Friday, August 4, 2023

WW2 North Africa Campaign - Battle of Point 205

 Hi folks,

Long time no blog posts! Sorry about that. Mainly playing board games (lots of them) which doesn't really work for blog posts.

Our North Africa Campaign (Operation Battle Axe) is rolling along nicely, and we have had several battles.

EC, the campaign umpire, gave me permission to post this AAR regarding the most recent battle: Battle of Point 205 which is the sixth engagement of this campaign. 10mm figures and Blitzkrieg Commander 4th edition rules.

Map for reference:

The desert morning got lively during the recent battle at Point 205.  Charles’ 2nd RTR bumped into Hammer’s 1st Battalion 8th Panzer Regt. (15th Pz. Div.) in a meeting engagement.  Neither side had FO’s present, so there was no artillery support, just a clash of armor.  Mac filled in for Hammer, as the latter is currently riding a horse (with a name) somewhere out in the desert.

For context, the 1st Battalion 8th Panzer had all 3 companies present on the battlefield, consisting of 1 medium company (2 Panzer IV’s and 1 Panzer II), and two light companies (3 Panzer III’s and 2 Panzer II’s combined).  Two Panzer III’s had been knocked at Musaid by Phil’s Matildas, and only one had been repaired.  This was the 3rd engagement for two of the companies, having previously fought at Capuzzo (where they drove back Wes’ 6th RTR), and Musaid (where they were driven back by Phil’s 7th RTR).  An impressive battle record for a 24 hour time period.  Conversely, Charles’ 2nd RTR was making its first appearance in the campaign.  2nd RTR began the battle with 2 squadrons of A13 cruisers on the field (3 tanks each), supported by an A13 close support tank platoon.  A third company consisting of older A10 cruisers made its way onto the battlefield near the end of the battle - more on that later.  All in all, the sides were evenly matched in terms of tanks, with the Axis having higher command values.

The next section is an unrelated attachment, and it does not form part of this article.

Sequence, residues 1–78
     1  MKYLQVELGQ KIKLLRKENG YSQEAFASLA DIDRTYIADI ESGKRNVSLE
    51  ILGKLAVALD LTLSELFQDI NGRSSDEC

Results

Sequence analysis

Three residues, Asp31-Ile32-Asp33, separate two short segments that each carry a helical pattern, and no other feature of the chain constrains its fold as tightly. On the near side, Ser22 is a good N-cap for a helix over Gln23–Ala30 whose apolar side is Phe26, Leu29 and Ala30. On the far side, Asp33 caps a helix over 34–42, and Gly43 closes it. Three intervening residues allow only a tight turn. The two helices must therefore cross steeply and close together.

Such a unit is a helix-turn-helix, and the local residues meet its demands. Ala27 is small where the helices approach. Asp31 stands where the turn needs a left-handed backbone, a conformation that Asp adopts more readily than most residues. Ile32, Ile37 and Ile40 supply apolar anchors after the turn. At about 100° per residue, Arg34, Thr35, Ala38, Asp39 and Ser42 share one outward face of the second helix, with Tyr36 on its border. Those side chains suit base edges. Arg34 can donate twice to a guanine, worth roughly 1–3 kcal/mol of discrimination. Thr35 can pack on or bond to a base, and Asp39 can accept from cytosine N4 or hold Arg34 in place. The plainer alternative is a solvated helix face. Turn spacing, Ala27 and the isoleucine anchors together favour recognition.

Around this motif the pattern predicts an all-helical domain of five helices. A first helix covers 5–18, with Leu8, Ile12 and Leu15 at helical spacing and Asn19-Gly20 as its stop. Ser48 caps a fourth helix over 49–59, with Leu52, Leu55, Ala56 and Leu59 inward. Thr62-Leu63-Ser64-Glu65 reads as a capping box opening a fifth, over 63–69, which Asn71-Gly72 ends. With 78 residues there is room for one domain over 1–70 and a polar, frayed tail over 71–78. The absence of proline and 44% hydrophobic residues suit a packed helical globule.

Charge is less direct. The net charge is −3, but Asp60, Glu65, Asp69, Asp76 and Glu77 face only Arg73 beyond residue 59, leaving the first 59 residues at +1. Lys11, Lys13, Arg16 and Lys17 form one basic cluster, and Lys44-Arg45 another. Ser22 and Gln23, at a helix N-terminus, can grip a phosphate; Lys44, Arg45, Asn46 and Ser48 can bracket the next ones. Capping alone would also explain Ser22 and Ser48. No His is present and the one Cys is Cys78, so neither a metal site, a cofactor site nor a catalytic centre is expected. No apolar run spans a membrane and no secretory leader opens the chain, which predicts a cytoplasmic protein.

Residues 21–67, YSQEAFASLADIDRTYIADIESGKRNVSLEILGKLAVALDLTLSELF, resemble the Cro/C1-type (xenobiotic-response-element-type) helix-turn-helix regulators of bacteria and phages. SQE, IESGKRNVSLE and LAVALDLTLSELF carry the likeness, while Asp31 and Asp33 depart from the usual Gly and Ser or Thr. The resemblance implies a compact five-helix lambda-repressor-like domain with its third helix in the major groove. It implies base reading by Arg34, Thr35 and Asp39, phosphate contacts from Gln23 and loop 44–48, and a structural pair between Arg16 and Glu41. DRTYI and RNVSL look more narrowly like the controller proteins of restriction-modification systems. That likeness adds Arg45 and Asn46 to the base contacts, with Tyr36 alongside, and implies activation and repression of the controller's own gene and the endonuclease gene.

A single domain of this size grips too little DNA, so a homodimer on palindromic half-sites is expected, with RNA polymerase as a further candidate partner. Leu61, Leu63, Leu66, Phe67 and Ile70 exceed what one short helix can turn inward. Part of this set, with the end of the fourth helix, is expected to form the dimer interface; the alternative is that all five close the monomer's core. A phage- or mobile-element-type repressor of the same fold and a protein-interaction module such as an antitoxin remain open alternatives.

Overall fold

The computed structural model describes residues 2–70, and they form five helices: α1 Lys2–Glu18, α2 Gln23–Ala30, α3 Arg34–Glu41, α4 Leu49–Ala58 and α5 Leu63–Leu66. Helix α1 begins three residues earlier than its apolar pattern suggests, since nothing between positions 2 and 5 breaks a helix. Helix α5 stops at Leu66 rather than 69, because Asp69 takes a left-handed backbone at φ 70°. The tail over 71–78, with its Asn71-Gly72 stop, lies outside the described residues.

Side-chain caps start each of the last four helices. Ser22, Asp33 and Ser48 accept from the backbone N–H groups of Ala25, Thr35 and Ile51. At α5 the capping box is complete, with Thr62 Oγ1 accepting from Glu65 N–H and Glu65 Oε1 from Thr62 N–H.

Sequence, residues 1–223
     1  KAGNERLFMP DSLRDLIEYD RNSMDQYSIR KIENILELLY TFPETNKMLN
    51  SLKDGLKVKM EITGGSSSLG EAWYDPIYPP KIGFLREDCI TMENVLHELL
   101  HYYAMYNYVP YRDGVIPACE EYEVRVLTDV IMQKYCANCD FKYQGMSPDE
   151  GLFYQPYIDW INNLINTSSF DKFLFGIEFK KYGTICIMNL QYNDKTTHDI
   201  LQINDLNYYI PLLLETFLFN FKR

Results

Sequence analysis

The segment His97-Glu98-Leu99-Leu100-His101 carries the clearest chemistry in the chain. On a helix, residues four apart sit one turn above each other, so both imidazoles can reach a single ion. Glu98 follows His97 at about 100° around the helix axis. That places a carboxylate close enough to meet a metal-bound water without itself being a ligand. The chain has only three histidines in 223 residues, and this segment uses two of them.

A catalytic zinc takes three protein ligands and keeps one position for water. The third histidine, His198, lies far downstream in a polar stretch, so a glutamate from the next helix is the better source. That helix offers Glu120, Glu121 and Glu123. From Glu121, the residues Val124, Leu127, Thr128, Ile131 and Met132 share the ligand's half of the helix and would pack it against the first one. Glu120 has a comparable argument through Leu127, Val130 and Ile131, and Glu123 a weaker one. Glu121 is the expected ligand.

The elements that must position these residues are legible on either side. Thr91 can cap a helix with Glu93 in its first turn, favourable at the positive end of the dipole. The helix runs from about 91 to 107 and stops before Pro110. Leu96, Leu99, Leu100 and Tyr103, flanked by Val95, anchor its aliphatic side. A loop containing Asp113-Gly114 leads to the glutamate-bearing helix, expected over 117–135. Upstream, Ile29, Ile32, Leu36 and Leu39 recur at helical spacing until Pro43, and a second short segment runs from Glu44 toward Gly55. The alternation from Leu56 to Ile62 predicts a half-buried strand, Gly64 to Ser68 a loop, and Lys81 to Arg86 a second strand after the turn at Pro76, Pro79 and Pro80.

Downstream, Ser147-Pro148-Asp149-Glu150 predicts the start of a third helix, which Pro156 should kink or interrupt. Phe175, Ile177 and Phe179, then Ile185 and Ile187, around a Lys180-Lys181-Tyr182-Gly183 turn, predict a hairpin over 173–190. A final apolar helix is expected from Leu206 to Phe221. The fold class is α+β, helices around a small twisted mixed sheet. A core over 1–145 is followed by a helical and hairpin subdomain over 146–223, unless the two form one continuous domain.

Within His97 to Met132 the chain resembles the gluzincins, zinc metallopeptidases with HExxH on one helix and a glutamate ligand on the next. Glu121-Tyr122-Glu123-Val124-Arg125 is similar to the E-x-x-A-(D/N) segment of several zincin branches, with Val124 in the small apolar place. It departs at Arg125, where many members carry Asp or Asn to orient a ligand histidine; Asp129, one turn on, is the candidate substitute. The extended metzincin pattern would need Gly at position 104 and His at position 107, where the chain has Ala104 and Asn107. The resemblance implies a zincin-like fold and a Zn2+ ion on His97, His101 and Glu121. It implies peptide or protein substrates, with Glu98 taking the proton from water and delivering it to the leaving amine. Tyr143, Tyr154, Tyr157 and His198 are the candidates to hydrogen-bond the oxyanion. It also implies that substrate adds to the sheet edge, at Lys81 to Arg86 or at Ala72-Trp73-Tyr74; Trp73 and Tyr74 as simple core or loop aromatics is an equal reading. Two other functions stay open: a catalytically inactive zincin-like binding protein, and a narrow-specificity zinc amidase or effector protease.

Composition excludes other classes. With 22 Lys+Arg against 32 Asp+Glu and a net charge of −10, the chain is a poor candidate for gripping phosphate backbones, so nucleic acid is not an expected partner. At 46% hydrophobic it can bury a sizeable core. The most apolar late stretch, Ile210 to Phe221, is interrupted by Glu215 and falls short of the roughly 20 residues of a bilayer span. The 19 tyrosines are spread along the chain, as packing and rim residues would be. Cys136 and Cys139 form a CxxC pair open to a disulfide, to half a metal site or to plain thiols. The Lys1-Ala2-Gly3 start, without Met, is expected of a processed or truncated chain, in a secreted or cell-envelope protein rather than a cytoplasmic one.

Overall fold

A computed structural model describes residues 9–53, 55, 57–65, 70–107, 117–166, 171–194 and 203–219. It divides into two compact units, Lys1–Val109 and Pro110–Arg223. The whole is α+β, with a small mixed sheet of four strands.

0600 - Both sides entered the battlefield.  1st Batt. 8th Panzer quickly approached the frontier “wire”, while the Commonwealth made slower progress - in part thanks to a command blunder.  There wasn’t much terrain on the battlefield, which emphasized the importance of mutually supporting units with clear fields of fire. 

Above: the hardworking tanks of 1st Battalion, 8th Panzer Regt.

Above: 2nd RTR moves onto the battlefield.

Above: Initial dispositions of the opposing forces. Germans at the top of photo

0630.  The Axis moves quickly, and a full-strength light company moves up to a gap in the wire near the center of the battlefield.  hill

Meanwhile, the remaining two companies move toward the west side of the board and prepare to create gaps in the frontier wire.  Note that the frontier wire was strung on steel posts embedded in concrete, so tanks were allowed to create a 5cm gap by expending 10cm of movement.

 The Commonwealth moves forward in two groups, the most westward of which is supported by the Close Support platoon (which fires smoke rounds through a turret-mounted howitzer).